Swiss Sailing Family Brings Climate Campaign to Unalaska

Tuesday, July 16 2013

Top view of the family's eco-friendly sailboat, the Pachamama. (Courtesy of Dario Schwörer)

In 1999, a Swiss climatologist and his wife embarked on a four-year voyage to sail around the world. Their goal was to climb the tallest peak on every continent and to raise awareness about the dangers of global climate change. Fourteen years, five continents, and four children later, they’re still sailing. The family arrived in Unalaska over the weekend and, as KUCB’s Audrey Carlsen reports, they’re determined to finish what they started.

The Schwörer family’s 50-foot sailboat bobs calmly in the Bobby Storrs Small Boat Harbor. Eight-year-old Salina Schwörer gives the tour.

Salina: So let’s go in the boat!
AC: Okay.

The boat’s galley is surprisingly large, but with four children and five adults milling about, there’s not a lot of room to spare. Salina doesn’t mind.

Salina: Yeah, it’s my life. It’s nice for me.

Outside, the boat deck is covered in rows of solar panels that make it possible for the family to have a fridge, and electric lights. When the sun isn’t shining, Salina says they’ve got a back-up:

Salina: Yeah, we have two wind turbines. When there’s wind it goes rowrowrow, around and around.

But the solar panels and wind turbines aren’t just for convenience. The Schwörers’ journey, dubbed the Top to Top Global Climate Expedition, is an experiment in turning a passion for the environment into a way of life.

Salina’s father, climatologist Dario Schwörer, says it all started after he noticed big changes to his favorite Swiss mountain, Piz Bernina.

Schwörer: When I saw it melting, I was thinking "I need to do something, so what can I do?"

The Schwörers decided to raise awareness through their sailing and climbing adventures. Along the way, they’ve collected data on ocean currents for researchers. They’ve tested new energy-efficient products for companies. They’ve organized beach and riverbed clean-ups. And they’ve spoken to over 70,000 students around the world about the impact of global climate change.

But Schwörer says not everything has gone according to plan.

Schwörer: We have that in mind, that it takes us four years. But we learned very fast that when you like [sic] to survive on an expedition like that, that you have to go with the rhythm of nature. It means that you should only actually sail when the conditions are good.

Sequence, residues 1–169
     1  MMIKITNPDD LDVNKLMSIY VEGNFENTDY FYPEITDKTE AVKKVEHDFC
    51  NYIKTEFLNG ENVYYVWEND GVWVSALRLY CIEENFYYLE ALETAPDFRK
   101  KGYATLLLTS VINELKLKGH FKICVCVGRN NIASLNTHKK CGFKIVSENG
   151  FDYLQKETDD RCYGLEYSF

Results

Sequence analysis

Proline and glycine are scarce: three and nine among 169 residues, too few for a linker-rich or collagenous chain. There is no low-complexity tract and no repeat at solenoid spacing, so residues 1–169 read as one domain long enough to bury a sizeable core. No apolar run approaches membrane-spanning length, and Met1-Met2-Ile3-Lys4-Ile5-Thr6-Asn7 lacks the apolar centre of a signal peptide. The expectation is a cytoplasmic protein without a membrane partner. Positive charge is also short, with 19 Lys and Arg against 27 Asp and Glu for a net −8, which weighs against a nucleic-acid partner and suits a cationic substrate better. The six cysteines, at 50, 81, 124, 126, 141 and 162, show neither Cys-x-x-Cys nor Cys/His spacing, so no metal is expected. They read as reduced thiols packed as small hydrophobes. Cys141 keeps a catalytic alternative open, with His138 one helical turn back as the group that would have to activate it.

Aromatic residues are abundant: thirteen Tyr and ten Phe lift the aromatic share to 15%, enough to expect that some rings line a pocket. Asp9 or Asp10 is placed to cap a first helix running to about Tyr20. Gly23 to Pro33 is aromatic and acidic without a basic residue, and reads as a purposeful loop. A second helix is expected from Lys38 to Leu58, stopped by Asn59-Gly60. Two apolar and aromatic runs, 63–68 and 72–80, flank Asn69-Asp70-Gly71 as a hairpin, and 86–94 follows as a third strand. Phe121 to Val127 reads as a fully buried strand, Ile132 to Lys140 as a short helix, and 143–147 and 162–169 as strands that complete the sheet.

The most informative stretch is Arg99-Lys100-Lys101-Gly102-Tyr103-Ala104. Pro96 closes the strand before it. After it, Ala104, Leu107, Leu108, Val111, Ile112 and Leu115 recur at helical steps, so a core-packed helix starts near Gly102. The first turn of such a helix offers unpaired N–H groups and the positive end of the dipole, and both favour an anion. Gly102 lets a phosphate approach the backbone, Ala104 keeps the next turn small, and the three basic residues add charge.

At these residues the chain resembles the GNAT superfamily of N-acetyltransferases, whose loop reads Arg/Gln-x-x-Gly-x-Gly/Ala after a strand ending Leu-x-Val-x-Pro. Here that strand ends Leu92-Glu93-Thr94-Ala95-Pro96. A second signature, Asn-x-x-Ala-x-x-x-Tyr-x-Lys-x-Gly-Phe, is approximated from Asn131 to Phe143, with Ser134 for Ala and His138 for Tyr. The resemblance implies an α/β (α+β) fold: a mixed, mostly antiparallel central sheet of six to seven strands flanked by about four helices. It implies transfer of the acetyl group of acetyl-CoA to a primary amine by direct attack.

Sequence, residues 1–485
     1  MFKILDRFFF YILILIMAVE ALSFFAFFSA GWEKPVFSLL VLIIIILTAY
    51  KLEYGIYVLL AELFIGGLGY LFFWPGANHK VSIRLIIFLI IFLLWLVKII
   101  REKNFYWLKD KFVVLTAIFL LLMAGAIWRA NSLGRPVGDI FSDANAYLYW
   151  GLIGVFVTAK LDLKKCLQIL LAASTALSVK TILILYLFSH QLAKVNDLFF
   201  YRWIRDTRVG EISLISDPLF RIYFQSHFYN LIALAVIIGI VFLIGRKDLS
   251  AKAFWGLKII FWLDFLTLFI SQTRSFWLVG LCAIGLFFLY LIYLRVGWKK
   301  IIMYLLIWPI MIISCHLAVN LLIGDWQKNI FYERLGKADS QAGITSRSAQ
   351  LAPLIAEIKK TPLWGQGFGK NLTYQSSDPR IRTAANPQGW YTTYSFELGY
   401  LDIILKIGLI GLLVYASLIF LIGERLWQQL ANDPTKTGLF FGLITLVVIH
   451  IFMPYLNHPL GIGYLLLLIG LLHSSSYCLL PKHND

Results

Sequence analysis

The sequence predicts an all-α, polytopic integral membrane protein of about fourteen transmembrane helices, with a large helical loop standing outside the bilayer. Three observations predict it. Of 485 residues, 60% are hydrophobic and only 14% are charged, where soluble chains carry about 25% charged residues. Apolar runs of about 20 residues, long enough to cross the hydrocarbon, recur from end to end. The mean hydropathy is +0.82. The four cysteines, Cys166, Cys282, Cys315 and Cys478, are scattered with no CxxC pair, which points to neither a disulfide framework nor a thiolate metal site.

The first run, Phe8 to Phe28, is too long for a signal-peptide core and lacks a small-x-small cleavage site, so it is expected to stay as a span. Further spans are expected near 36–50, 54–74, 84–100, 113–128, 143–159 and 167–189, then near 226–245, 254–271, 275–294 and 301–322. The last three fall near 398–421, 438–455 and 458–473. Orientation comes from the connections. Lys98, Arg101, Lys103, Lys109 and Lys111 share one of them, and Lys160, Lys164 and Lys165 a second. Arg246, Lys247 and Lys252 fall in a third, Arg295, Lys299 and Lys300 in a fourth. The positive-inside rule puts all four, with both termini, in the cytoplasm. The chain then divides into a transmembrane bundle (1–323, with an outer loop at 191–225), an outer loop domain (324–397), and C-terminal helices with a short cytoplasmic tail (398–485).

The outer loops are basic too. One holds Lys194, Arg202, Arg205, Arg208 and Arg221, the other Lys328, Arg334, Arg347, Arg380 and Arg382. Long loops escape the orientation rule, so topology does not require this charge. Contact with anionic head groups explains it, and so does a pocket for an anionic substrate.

In addition to weather delays, the Schwörers also had to deal with a serious sailing accident halfway through their voyage. It left them stranded in Patagonia for two years repairing their boat.

During that time, Schwörer’s wife gave birth to two of their now four children. They also landed several corporate sponsorships. Schwörer says the two were not entirely unrelated.

Schwörer: Salina was born and we used a Swiss army knife to cut the umbilical curdle [sic]. And so Swiss army knife company Victorinox heard that story and they were thinking that’s so cool that some crazy Swiss people far down in Patagonia gave birth to a child with a Swiss army knife, so they sponsored us the new sails.

With new sponsorships and a newly outfitted boat, the family was able to continue their journey -- something Schwörer never seriously considered giving up.

Schwörer: Actually the reason why we are now here in Dutch Harbor is my wife and I promised at the very start of the expedition that we don‘t give up before we try twenty times.

The Schwörers are finally nearing the end of their journey. They plan to overwinter in Alaska before tackling the Northwest Passage, the Panama Canal, and Antarctica. And then -- finally -- if everything goes according to plan, they’ll begin the journey home.

Schwörer will be speaking at the Unalaska Public Library Tuesday about his expedition. The talk begins at 6:30pm and all ages are welcome.

Stephanie Joyce on Wednesday, July 17 2013:

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